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Ping Pong Helps Parkinsons

A pilot study has found that regular ping pong sessions may improve symptoms in elderly Parkinson's patients
A pilot study has found that regular ping pong sessions may improve symptoms in elderly Parkinson’s patients

In calling for sharp hand-eye coordination, alertness and quick reflexes, pingpong (or table tennis to its more serious practitioners) has come to be seen as a useful therapy for a number of ailments, in particular Alzheimer’s, dementia and those associated with the brain. Researchers in Japan have turned their eye to its potential to treat symptoms of Parkinson’s disease, with a six-month preliminary study pointing to significant improvements in the participant’s ability to carry out a variety of everyday tasks.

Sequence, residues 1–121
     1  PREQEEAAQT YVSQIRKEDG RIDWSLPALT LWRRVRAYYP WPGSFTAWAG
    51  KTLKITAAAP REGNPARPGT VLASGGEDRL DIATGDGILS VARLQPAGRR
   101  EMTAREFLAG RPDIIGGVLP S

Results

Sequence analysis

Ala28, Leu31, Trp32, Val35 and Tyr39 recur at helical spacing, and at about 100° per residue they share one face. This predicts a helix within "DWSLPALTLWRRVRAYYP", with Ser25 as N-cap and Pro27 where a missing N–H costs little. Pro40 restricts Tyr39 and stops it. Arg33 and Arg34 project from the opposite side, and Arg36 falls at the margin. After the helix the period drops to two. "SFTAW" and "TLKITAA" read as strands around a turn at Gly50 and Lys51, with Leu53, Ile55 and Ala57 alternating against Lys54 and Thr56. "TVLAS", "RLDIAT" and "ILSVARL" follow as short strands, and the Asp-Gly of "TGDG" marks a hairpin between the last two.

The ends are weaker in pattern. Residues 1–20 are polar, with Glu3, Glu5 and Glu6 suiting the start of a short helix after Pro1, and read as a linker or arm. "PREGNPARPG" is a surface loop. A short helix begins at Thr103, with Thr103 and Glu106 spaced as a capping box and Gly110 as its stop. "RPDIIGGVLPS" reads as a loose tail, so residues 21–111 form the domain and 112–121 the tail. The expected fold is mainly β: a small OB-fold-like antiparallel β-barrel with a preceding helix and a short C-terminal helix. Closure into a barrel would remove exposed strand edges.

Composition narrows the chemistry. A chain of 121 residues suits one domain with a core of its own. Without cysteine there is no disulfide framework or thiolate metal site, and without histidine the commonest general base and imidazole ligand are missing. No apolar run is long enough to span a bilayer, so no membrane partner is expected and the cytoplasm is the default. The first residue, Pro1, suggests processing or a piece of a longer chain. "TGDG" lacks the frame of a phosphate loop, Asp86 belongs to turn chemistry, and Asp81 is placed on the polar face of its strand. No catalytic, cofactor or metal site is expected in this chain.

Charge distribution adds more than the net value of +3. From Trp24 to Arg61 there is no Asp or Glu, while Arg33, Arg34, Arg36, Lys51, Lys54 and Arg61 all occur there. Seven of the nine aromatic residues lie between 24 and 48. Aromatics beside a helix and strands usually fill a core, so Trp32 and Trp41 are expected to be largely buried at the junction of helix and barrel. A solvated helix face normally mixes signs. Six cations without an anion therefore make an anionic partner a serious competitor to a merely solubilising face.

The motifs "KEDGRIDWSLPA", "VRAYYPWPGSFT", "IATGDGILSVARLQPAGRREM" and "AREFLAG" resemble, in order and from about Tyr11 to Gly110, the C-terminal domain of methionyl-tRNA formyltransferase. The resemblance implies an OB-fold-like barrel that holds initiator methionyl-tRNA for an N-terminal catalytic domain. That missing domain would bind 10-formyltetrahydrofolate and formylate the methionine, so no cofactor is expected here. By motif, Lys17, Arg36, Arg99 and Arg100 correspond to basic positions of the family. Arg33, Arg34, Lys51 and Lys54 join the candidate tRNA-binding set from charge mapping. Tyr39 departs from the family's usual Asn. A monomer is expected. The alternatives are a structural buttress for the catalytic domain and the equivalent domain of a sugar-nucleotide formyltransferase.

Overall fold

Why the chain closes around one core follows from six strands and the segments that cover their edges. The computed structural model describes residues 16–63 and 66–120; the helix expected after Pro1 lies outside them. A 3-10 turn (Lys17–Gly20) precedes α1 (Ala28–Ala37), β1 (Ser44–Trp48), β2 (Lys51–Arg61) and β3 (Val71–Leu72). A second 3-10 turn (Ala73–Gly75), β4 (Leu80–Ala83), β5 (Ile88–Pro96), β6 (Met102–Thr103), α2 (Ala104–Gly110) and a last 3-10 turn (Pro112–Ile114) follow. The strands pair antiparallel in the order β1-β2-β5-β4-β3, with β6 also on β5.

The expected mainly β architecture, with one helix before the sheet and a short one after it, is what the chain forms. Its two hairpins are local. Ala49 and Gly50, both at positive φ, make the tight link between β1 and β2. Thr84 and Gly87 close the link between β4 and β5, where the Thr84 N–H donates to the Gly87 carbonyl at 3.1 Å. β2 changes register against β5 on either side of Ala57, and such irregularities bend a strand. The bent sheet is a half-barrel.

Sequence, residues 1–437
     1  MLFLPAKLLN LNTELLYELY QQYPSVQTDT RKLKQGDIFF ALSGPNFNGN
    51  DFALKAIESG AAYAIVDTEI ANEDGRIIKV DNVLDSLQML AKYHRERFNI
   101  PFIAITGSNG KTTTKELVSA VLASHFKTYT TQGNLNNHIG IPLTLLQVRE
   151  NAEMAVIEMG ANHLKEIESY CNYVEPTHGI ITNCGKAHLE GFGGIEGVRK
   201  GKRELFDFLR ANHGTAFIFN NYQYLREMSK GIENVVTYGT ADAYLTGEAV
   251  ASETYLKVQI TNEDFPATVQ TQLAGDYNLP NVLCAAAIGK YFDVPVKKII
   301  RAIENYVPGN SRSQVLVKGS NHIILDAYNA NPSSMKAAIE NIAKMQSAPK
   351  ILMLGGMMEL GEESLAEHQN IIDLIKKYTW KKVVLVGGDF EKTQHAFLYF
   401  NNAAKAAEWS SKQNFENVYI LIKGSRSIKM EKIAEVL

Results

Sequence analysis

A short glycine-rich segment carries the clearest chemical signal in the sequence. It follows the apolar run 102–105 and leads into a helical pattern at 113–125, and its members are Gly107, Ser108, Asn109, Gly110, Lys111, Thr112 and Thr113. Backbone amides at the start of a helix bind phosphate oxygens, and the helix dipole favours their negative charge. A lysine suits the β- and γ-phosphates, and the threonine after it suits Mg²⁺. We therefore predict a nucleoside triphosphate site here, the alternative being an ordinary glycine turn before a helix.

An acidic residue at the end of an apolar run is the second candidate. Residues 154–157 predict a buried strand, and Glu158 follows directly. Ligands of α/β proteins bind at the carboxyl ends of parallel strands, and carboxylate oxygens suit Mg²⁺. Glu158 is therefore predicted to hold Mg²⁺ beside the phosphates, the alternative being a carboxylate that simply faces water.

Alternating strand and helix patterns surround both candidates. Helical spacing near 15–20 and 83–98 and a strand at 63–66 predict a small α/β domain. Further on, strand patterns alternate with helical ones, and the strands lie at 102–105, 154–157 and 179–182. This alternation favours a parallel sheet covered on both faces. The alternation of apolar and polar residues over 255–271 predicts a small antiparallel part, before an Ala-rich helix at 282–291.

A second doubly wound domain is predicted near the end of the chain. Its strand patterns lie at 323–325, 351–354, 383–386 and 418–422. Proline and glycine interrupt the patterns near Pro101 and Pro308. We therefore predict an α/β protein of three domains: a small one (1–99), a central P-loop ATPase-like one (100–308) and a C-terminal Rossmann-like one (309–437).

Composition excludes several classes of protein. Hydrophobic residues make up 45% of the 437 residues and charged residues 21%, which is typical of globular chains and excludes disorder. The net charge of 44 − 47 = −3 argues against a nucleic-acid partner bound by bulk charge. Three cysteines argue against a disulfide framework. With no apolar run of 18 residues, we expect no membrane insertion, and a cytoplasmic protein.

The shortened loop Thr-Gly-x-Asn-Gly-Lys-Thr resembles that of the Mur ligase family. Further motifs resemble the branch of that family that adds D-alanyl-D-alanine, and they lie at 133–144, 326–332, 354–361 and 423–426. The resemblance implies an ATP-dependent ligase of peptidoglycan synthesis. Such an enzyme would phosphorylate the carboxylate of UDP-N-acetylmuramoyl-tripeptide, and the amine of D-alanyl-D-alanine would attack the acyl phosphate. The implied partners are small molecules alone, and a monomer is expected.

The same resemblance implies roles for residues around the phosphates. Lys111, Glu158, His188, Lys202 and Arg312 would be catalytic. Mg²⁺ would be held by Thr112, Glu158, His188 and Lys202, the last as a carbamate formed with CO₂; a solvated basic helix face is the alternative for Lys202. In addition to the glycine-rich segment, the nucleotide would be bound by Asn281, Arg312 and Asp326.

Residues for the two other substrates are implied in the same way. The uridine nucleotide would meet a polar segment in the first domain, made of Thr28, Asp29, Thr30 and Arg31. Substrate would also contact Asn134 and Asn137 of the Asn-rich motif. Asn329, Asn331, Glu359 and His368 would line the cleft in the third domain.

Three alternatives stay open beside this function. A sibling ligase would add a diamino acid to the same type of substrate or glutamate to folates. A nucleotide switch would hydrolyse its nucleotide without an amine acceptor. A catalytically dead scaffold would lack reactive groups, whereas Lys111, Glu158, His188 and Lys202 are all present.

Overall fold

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Parkinson’s Gut Brain Connection

A new study builds on the growing hypothesis that Parkinson's disease may not originate in the brain
A new study builds on the growing hypothesis that Parkinson’s disease may not originate in the brain

A new paper published in the journal Nature Neuroscience is adding weight to the growing hypothesis suggesting the toxic protein clumps that cause Parkinson’s Disease begin aggregating in the gut before travelling to the brain. The study, led by scientists from Caltech, points to a particular enzyme that may prevent these proteins from initially clustering in the gut. read more

The Darker the Coffee, the Healthier

The longer a coffee is roasted, the higher its level of phenylindanes
The longer a coffee is roasted, the higher its level of phenylindanes(Credit: AlekseyPatsyuk/Depositphotos)

For years, scientists have suspected that drinking coffee helps lessen the chances of getting Alzheimer’s and Parkinson’s diseases. A new study indicates that this may indeed be the case, and that the darker the roast, the better it works. read more